A Labor Opposition Leader, a conservative Liberal backbencher and a self-confessed bunch of blue-bloods from the eastern suburbs and North Adelaide set walk into a bar…
What happens next?
Well, that is yet to play out. But they’re still hoping to have the last laugh, despite the land tax aggregation measure that united them this year – in the most unlikely of political alliances – passing parliament late last month.
Three of the most senior members of the Labor frontbench were, bizarrely, the guests of honour at an event at Tynte St’s One Sixty Five bar – an event hosted by several dyed-in-the-wool Liberal backers.
SA Best MLC Frank Pangallo was also on the guest-list, but from the current Liberal party-room there was only one invitee – Davenport MP Steve Murray, who openly opposed the aggregation crackdown and abstained from the Lower House vote that helped make it law.
“I just popped in to say g’day,” he told InDaily today.
“There was certainly no mention of it being a Labor Party branch affair.”
Labor leader Peter Malinauskas said he “welcomed the opportunity to be able to engage with a number of stakeholders within our community”.
Of the unusual political mix, he conceded: “I think the land tax debate has certainly been on of the most extraordinary public policy political exercises I’ve seen in the state for a long time, and it’s no doubt upset a lot of people.”
“There is, no doubt, a lot of anger within the community at the Government’s retrospective land tax changes, and that anger continues,” he said.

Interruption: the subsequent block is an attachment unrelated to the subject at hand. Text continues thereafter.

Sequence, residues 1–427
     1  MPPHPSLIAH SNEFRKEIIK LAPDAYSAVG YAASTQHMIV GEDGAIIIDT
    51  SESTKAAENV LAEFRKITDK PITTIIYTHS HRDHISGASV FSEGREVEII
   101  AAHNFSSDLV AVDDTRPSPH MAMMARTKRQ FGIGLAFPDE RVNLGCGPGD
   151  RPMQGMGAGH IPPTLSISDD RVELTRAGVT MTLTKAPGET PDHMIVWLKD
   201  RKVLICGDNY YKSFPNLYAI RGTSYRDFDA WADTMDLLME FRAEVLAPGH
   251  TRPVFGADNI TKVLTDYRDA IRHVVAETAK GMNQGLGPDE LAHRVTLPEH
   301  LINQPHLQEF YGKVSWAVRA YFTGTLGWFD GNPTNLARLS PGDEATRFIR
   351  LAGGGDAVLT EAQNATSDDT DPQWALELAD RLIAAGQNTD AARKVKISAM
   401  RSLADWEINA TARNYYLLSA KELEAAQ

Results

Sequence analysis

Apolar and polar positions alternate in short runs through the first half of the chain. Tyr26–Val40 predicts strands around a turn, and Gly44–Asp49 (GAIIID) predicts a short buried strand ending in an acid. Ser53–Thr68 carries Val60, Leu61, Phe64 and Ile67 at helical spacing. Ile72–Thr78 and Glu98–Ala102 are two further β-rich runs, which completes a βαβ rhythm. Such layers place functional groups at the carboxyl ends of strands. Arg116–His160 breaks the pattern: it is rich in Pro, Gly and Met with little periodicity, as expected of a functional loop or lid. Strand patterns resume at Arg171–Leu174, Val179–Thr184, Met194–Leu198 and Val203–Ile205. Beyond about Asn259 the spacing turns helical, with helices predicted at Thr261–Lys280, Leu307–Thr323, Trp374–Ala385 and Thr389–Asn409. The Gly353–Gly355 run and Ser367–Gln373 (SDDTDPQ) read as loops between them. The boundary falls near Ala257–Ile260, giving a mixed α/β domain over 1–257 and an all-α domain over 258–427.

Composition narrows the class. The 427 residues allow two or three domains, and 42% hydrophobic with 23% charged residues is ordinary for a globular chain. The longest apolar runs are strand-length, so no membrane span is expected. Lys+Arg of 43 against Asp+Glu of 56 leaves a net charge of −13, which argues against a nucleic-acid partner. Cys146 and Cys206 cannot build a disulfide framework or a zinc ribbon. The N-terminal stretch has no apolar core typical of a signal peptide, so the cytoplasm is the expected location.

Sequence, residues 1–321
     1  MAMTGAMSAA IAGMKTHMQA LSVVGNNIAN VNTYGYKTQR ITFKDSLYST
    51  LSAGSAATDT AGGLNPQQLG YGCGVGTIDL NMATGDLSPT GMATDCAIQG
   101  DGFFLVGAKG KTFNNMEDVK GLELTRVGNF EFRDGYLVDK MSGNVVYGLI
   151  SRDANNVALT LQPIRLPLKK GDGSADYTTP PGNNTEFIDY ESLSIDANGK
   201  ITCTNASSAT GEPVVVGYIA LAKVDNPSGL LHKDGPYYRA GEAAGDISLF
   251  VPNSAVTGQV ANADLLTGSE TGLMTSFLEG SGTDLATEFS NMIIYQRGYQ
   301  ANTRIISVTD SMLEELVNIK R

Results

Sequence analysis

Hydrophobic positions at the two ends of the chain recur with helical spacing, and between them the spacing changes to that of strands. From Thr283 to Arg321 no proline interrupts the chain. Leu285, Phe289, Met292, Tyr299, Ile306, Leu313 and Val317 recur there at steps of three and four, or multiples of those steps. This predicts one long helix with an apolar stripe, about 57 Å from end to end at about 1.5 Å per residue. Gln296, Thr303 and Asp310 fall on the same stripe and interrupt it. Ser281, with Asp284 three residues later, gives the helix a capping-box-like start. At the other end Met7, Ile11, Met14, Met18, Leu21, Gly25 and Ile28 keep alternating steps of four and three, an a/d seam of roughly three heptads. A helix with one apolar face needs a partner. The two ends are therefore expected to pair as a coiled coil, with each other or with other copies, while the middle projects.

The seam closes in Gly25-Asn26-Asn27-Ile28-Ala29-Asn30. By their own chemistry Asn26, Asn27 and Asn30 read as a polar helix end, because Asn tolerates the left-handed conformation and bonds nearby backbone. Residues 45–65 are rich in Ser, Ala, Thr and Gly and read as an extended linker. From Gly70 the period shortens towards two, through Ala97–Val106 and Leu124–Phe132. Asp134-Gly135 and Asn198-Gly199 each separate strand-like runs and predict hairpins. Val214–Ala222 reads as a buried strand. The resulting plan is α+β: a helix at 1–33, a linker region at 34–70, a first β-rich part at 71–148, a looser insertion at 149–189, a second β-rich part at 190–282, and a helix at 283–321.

“That was clear to me from some of the representations made from small, medium and larger business owners that were there last night.”
Adding to the sense of surrealism was the presence of Walkerville councillor MaryLou Bishop – whose sister is former Deputy Federal Liberal leader Julie Bishop – and her husband, North Adelaide dentist Dr Joe Verco.
Bishop, who is not a Liberal Party member, told InDaily the land tax changes “are going to impact my husband enormously”.
“There were some very, very strong Liberal supporters there [last night] who are extraordinarily angry about the fact it was not discussed prior to the election – it came as a complete and total shock,” she said.
Verco said “we’re all a little aggrieved and what have you” about the aggregation provisions, which he blames for a decline in business confidence.
“I’m really grumped off,” he said, lamenting “the lack of intestinal fortitude of the Liberal Party at the moment”.
“We really do like the state… it just is upsetting to have people wanting to do some rather uncharacteristically dumb things on the way through.”
North Adelaide businessman Brenton GriGuol hosted the event, telling InDaily “it was our way of saying thank you, getting us all together and have a bunch of North Adelaide and eastern suburbs blue-bloods mixing it with the luminaries of the Labor Party”.